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The CEO sees brick-and-mortar stores as the incumbents, which can only offer limited services in limited locations, while he says TakeLessons is currently offering service in over 100 locations in San Francisco alone. As of now, the startup covers all of the top metropolitan areas in the U.S. for in person lessons, offering an online product to those who don’t live in a city.

While its coverage, quality and prices can vary city-to-city — like any marketplace with coverage of this size — overall, it’s managed impressive penetration, albeit slowly. “It’s something that’s taken time to build,” the CEO says, as the company has chosen to expand its coverage on a market-by-market basis.

The other big challenge for services like this (and like Uber, Lyft, TaskRabbit and more) is maintaing quality. With a wide geographical reach and 7,500 teachers, it’s unlikely that bad eggs won’t slip through the cracks, but quality control is critical to a good user experience. To avoid crappy teachers, Cox says that the company screens and interviews each of its instructors, going through a “seven-step curation process” that is designed to weed out those who might be good musicians but aren’t so good at teaching. This includes interviews, background checks, reference checks and online training, he says.

Of course, building a local marketplace city-by-city with quality service providers ain’t easy, but because it’s spent six years making headway on the music providers front, the CEO thinks the service has now reached a point in which it can begin applying the model to other verticals. With its new capital in the bank, TakeLessons will continue building out its local music providers across the country but also plans to begin adding academic tutoring, dance, acting, art and language services as well.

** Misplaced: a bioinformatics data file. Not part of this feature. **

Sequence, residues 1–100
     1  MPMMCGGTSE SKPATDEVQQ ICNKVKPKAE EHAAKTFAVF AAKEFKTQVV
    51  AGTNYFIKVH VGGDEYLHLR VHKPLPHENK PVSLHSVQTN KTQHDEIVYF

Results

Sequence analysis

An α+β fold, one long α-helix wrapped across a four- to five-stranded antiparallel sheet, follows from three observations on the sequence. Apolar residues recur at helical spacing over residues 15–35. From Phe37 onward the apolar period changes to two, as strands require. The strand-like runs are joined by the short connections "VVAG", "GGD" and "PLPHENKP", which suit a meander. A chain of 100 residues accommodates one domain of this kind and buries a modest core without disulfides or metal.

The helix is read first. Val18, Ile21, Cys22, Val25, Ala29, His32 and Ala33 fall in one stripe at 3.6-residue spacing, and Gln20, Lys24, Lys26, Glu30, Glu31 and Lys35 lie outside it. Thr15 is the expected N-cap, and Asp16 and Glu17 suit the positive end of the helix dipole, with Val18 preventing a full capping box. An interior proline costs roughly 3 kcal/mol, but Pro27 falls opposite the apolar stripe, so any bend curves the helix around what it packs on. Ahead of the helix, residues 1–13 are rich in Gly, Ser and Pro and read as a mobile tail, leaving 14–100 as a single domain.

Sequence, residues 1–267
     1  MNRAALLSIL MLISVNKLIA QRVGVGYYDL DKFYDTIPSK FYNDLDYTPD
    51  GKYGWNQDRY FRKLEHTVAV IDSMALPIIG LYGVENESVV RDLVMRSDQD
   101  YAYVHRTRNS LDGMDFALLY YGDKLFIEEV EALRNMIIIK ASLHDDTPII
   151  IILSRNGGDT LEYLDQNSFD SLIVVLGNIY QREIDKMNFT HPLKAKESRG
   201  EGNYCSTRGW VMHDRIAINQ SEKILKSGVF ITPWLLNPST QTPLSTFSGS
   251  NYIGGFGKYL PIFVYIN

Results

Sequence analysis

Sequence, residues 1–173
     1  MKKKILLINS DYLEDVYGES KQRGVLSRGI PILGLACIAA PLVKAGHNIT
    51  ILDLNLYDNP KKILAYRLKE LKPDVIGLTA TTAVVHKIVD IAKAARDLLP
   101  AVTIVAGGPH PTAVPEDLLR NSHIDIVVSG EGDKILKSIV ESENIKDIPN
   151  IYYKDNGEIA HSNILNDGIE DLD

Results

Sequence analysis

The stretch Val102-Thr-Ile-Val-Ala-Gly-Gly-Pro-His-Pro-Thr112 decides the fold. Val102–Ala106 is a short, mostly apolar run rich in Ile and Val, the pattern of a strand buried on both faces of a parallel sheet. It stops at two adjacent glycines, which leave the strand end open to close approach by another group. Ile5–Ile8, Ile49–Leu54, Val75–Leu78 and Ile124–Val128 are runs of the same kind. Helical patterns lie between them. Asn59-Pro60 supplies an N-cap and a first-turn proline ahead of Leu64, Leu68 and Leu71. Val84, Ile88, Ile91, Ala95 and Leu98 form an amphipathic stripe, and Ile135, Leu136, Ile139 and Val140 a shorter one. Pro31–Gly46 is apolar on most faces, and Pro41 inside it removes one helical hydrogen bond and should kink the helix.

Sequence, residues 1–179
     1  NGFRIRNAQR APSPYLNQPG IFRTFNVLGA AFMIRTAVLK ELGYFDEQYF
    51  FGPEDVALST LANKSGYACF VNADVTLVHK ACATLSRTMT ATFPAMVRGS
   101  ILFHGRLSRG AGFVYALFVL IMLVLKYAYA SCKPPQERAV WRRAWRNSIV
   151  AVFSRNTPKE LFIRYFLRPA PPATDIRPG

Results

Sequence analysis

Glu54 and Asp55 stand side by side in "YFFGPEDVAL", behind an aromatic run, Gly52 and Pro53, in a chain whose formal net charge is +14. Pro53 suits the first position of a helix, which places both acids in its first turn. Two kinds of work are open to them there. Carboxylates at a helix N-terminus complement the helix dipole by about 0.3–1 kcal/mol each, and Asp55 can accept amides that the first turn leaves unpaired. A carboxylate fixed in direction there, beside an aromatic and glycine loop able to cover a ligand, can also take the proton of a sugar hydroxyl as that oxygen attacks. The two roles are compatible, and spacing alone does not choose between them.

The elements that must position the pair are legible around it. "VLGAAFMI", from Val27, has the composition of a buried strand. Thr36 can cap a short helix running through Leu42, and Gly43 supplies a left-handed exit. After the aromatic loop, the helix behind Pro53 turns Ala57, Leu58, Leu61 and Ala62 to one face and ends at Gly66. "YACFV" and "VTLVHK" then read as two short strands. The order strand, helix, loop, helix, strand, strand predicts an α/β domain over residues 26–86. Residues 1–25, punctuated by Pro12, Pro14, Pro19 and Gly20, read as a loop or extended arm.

Cox says that the startup plans to “be in over 100 cities with local tutors by June and over 1,000 cities by the end of the year. Going forward, the company also plans to step up its testing around international lessons and begin pushing service abroad at some point this year. There’s definitely some danger in attempting to port a model that works in a niche market to other niche markets, each of which has its own subtleties and nuances. Things can get complicated fast — and overall user experience can be diluted when a company tries to over-extend its service model too quickly.

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To defend against this, TakeLessons will try to stick to verticals that are closely related to its core business, in which its current customers can begin using immediately. As long as it doesn’t get too big for its britches, so to speak, there’s good reason to believe its expansion plans can provide added value to its customers and bring in new ones. Building a local-by-local marketplace takes time, but it can create significant defensibility if the company gets it right.

It also helps that the average lesson price is $38, which while pricier than free, is cheaper than most. Students have taken 500,000 lessons to date, perhaps lower than one would expect for six years on the job, and if it’s paid out $10 million to teachers, that leaves about $9 million for the business and its 60+ person staff. The team didn’t say what revenue growth looks like currently, but as it expands into new verticals and new markets, there’s more room to grow. And $12 million from investors certainly doesn’t hurt either.

For more on TakeLessons, find it at home here.